Totally. We wanted to use him, but we had to settle for Affleck. But you see him out there talking about how much he loves God and loves the Holy Spirit and whatnot, and his picture's all about beating the hell outta Jesus. I mean, if I loved him, and I do, I love Jesus, I would make a movie where it's him happy, someone gives him a puppy, people treat him nice and shit like that. That's the Jesus movie you really want to see. Apparently not. Apparently, America wants to see him getting beat up. Don't get it.
I was in Dallas the day The Passion of the Christ opened. We were near Plano, where the dude bought out the multiplex. Right then and there I was like, "This is going to be massive." Who knew? A year ago, if somebody had said, "Hey, there's going to be this movie about Jesus where they beat the shit out of him for two hours, and it's going to make 200 million bucks in 18 days," you'd be like, "You're out of your mind." And they're like, "Wait, wait, wait--it's also voiced in Aramaic and street Latin!" You'd be like, "What is this, a joke? Are there two nuns and a lesbian? Somebody have a duck on their head?" And then it turns out to be manifest: It's true that it's massive, so who knew? Based on that alone, Jersey Girl could make 400 million. Because if somebody had told you a year ago that there's going to be a Ben and Jen movie that is actually going to do business and people might like it, you'd hear the same.
If you told me she died a few minutes into it, I would have told you, well, maybe you got something. You've totally got a hook for that.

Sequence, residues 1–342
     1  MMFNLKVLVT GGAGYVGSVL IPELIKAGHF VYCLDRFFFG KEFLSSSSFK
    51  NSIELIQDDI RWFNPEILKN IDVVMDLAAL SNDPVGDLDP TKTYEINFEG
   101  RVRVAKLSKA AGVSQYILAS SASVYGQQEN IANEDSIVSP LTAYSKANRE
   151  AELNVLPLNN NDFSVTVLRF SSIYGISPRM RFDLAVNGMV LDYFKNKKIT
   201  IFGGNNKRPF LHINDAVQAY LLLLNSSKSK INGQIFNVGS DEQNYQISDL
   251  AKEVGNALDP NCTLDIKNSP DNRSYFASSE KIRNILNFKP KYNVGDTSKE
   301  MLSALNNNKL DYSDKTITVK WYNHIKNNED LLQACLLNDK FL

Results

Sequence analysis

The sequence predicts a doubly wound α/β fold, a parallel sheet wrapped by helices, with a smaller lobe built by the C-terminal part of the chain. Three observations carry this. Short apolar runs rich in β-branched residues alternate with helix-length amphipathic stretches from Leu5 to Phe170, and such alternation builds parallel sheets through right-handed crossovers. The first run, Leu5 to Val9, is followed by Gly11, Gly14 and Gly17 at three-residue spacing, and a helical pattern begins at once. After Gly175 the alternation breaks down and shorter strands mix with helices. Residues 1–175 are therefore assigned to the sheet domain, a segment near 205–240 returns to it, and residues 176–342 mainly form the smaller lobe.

The Variety review came out today. Not kind. Everyone got good marks, except me for making it. That's the problem with this movie. And it makes sense. I'm getting judged against my filmography, which...Whatever, I'll take it. It's bound to happen.
Because I have no business making a sentimental film. I should be making edgier stuff. I should be making movies where guys fall in love with lesbians, there are rubber poop monsters, convenience-store workers sit around and curse a lot and don't do anything. That's what I'm supposed to do, so if I make a movie that's sentimental, wears its heart on its sleeve, then I'm obviously whoring myself out to the mainstream. Which is so untrue, but it's bound to happen. I'm going to get reviews like that.
After Jay and Silent Bob, I'm really glad you made this movie.
Totally, right? 'Cause what if I just kept making Jay and Bob? There's a moment, there's a danger where...
You're five minutes from turning the camera on yourself and jerking off?
Pretty much, right? Beware the filmmaker who looks down the barrel of the camera and sees himself on the other end. That's kind of a danger, I guess. But this one is kind of--at least it's not about me. But the weird thing is it's about my friend and his girlfriend.
There was a kid last night at the screening who yelled out, "Where are Jay and Silent Bob?" The 14-year-old kid.
Yeah, totally. My nightmare. When I was working on Jersey Girl, no matter what we were doing, I'd be having a great day, like, "This is wonderful stuff. I can't believe we're making this movie," and in the back of my mind there was always that 14-year-old boy going, "Where's Jay and Silent Bob?" And that's on the polite days.
As opposed to, "Where the fuck are Jay and Silent Bob?"
Exactly. "Where the fuck are Jay and Silent Bob?" Or, "Fucking sell-out." Or, "You've lost your balls." Shit like that.